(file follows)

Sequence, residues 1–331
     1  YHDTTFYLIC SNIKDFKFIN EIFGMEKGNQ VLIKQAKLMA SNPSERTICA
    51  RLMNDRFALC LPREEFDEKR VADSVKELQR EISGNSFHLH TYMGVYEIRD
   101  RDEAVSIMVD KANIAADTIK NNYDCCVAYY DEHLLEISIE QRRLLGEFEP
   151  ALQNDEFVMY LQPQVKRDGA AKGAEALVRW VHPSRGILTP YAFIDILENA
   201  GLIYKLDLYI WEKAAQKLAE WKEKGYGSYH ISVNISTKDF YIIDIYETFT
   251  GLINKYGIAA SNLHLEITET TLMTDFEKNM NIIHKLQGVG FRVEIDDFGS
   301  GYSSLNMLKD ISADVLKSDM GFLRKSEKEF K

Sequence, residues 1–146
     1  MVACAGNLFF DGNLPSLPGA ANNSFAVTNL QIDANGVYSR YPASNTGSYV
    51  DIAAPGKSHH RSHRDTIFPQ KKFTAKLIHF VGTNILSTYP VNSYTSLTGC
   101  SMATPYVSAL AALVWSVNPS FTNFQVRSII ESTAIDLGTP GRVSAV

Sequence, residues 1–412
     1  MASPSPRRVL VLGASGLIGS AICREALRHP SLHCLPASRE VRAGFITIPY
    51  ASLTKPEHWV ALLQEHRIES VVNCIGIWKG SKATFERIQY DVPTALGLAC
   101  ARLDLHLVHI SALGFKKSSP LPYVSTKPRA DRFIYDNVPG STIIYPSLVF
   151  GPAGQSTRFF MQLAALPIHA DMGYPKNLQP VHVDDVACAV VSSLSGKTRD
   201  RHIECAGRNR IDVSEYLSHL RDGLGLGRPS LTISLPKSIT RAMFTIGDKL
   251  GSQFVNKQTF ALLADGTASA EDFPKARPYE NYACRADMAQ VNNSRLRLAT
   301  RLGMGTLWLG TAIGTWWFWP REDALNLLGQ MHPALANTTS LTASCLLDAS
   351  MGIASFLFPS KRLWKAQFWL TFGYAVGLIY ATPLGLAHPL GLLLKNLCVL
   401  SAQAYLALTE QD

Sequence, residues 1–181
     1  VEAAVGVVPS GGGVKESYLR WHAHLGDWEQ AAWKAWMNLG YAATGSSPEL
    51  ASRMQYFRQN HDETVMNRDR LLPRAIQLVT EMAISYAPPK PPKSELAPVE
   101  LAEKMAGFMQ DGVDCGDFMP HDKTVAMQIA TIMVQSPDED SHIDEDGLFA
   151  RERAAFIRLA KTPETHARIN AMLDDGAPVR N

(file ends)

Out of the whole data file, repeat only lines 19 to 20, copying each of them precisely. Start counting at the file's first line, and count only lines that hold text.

   251  GSQFVNKQTF ALLADGTASA EDFPKARPYE NYACRADMAQ VNNSRLRLAT
   301  RLGMGTLWLG TAIGTWWFWP REDALNLLGQ MHPALANTTS LTASCLLDAS